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Rütger Rollenbeck, Katja Trachte, and Jörg Bendix

. (2003) , Durre et al. (2010) , Aguilar et al. (2003) , and WMO (2011) . Those standard quality controls of climate data, like checks for constant limits and temporal gradients checks ( Vejen et al. 2002 ; Aguilar et al. 2003 ; Durre et al. 2010 ), are adjusted to the requirements of the instrumental and geographical settings of the research sites. This adjustment can be made by using knowledge about climate conditions at the considered sites or by reiterating the processing chain with limits

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G. Kelly, E. Andersson, A. Hollingsworth, P. Lönnberg, J. Pailleux, and Z. Zhang

serious errors and biases in the operational temperature and moisture satellite retrievalsproduced by statistical methods. We show ttmt similar errors and biases are found in the physical re~evalsproduced operationally since September 1988. We report experiments on quality control algorithms to dealwith the errors in the satellite data. The quality control changes resulting from this work were implemented inthe European Centre for Medium R~nge Weather Forecasts (ECMWF) system in January 1989. The

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Zhifang Xu, Yi Wang, and Guangzhou Fan

). Apparently, a range of elements, including terrain, topography, and the placement of observation instruments, have made the quality control of surface observing data even more difficult. A credible quality control process is, therefore, the first step one has to take in a bid to improve surface data assimilation in numerical weather prediction. A complex quality control ( Gandin 1988 ; Collins 1998 , 2001a , b ) is applied to radiosonde height and temperature at the National Centers for Environmental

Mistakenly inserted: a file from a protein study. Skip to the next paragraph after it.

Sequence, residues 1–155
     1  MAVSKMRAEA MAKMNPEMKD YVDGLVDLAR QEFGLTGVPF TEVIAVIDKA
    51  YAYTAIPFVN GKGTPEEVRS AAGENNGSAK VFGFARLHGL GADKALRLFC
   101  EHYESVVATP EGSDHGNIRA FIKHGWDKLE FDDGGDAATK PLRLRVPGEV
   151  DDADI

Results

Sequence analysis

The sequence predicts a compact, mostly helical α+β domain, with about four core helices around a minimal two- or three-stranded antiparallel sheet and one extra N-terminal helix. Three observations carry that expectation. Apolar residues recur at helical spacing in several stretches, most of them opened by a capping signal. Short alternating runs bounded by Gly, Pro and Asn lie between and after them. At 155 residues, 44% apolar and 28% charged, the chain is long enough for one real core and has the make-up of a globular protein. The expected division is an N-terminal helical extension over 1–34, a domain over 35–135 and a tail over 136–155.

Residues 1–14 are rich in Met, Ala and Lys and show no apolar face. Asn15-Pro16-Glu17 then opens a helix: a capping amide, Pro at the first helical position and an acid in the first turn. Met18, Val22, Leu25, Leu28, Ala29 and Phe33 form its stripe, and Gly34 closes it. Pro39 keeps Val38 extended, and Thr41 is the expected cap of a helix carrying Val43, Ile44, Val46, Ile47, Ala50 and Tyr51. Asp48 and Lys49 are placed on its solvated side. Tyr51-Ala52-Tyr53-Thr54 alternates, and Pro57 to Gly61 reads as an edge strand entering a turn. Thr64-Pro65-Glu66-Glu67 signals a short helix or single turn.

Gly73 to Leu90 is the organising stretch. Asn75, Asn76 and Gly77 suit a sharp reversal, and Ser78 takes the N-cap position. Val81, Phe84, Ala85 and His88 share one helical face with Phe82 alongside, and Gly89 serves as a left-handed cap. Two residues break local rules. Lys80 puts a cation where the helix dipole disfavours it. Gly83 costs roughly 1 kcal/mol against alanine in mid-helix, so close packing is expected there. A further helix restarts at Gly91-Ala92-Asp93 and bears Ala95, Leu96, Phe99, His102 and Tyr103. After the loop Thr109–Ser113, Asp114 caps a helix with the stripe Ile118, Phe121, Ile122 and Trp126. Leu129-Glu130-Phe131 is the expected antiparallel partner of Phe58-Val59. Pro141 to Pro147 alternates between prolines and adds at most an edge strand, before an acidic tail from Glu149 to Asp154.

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Christopher A. Fiebrich, Cynthia R. Morgan, Alexandria G. McCombs, Peter K. Hall Jr., and Renee A. McPherson

), some inaccuracies may be unavoidable (e.g., a rotating anemometer coated in ice or a pyranometer packed with snow; Tanner 2001 ). Gandin (1988) described the particularly complicated challenge of detecting errors in meteorological data, because of their variability in both space and time. Olson (2003) advised that in order to control data accuracy, it is important to control it at many different stages. Numerous network managers have recognized that an end-to-end quality assurance system (e

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Thomas Nehrkorn

1. Introduction This paper describes an application of optimum interpolation (OI) for quality control (QC) and combination of wind profiler data with other observations of wind profiles. The method was applied to data collected at the National Aeronautics and Space Administration’s (NASA’s) Kennedy Space Center. The Kennedy Space Center (KSC) maintains a large array of weather observing systems to support its launch and landing operations for the space shuttle and expendable rockets. For